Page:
Former state Supreme Court Justice Jon Wilcox says 22 states allow their allow their justices to elect their leader – and Wisconsin should follow suit. “This is the prevalent system allowing the sitting justices . . . to select who will lead them,” Wilcox told the Assembly Judiciary Committee on Thursday.
A constitutional amendment that could remove Chief Justice Shirley Abrahamson from her leadership position passed both chambers of the legislature last session. If lawmakers approve it a second time, it would be on the statewide ballot in April. Currently, the senior serving justice on the Wisconsin Supreme Court serves as chief justice.
If the measure goes to voters in April, it would be on the ballot at the same time as candidates for the state’s highest court. Justice Ann Walsh Bradley is being challenged by Rock County Circuit Judge James Daley. In 2011, Bradley – one of the court’s liberals – was involved in a highly publicized confrontation with conservative Justice David Prosser.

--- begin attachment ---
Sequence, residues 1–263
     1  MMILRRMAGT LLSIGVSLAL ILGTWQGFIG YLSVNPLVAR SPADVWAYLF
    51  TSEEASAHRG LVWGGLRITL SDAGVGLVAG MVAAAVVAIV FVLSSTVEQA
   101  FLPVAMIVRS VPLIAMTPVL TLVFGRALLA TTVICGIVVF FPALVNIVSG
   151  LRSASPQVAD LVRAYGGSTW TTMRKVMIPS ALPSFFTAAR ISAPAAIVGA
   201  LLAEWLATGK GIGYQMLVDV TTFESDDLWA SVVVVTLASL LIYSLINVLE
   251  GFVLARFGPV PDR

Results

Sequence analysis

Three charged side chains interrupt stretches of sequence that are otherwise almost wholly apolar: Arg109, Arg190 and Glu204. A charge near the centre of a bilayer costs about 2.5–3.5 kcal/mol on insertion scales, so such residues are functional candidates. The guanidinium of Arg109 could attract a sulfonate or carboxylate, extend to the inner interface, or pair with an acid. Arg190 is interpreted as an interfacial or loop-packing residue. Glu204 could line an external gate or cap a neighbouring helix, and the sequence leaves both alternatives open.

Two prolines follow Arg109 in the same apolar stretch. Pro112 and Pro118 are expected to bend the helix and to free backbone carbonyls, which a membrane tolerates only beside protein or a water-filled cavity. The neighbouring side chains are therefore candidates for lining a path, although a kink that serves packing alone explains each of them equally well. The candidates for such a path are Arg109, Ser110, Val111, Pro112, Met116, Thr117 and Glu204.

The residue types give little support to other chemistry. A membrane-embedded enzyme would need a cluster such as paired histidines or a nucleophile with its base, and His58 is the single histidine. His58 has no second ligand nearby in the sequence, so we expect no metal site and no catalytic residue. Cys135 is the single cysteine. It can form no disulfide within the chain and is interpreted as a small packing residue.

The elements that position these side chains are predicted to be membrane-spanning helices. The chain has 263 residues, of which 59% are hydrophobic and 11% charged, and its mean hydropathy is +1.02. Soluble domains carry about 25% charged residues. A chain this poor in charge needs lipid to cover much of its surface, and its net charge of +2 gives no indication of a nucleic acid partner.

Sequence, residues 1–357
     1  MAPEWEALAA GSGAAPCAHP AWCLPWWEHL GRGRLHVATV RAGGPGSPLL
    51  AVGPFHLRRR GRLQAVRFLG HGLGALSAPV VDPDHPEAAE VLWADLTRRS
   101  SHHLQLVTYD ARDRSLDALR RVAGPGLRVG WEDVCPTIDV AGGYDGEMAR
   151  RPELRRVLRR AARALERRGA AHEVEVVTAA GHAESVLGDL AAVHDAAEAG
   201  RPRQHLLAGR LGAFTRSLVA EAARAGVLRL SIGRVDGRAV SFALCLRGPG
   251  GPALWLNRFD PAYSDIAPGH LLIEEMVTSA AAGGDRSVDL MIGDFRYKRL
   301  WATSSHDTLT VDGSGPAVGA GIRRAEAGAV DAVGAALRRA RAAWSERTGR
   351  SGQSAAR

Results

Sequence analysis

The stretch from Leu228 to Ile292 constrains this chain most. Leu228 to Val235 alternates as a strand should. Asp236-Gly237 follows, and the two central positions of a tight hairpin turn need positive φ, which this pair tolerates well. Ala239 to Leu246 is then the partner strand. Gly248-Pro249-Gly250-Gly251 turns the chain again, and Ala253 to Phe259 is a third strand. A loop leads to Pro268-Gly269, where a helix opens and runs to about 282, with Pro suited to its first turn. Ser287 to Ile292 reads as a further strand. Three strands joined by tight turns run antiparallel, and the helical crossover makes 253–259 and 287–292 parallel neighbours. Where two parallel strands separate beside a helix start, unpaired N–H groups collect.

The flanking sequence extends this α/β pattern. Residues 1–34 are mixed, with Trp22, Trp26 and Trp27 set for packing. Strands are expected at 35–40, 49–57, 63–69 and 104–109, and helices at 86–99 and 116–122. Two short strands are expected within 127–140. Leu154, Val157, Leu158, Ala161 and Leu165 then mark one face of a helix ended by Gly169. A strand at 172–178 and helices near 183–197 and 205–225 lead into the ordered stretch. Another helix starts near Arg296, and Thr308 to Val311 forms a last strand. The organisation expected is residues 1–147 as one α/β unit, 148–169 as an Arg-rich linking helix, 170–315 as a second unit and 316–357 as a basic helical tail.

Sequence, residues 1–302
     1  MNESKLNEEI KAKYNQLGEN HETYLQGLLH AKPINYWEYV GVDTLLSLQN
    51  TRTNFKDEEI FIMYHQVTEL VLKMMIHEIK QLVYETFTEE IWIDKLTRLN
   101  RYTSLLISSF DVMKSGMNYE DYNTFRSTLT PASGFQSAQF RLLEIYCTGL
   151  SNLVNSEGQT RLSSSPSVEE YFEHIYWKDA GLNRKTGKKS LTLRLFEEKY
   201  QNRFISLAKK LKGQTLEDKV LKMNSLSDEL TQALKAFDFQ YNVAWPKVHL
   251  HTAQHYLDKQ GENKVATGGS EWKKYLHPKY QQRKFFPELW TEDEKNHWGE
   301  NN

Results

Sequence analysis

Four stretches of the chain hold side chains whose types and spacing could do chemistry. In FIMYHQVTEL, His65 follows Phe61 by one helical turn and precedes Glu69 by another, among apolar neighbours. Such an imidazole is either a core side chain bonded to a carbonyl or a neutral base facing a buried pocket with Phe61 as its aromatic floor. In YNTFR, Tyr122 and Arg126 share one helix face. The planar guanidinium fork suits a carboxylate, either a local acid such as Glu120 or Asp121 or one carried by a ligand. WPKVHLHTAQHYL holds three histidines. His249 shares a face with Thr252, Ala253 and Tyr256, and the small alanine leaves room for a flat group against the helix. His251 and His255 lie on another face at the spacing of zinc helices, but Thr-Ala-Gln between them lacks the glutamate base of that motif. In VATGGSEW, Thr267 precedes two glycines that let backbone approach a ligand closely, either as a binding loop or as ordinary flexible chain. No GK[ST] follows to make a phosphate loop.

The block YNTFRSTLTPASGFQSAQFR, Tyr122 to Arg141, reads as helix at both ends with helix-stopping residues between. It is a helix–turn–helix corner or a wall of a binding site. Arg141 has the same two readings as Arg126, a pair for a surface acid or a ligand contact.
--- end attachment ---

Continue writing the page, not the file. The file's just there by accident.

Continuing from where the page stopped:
Wilcox did not make any direct reference to that incident, or to any of the alleged animosity between the various justices, but he did sat that electing the chief justice would “allow more respect and courtesy and collegiality.”
Abrahamson was first elected to the Wisconsin Supreme Court in 1979 and has served as chief justice since 1996.
The only other testimony at Thursday’s hearing came from former Marathon County Circuit Court Judge Dan Laroque. He told committee members that judges from across the state should be allowed to vote for the chief justice, who serves as chief administrator of the state court system.
“They’re entitled to be heard,” LaRoque said. “To limit it to the Supreme Court justices who managing the very system that these judges are in there every day trying to function in, isn’t right.”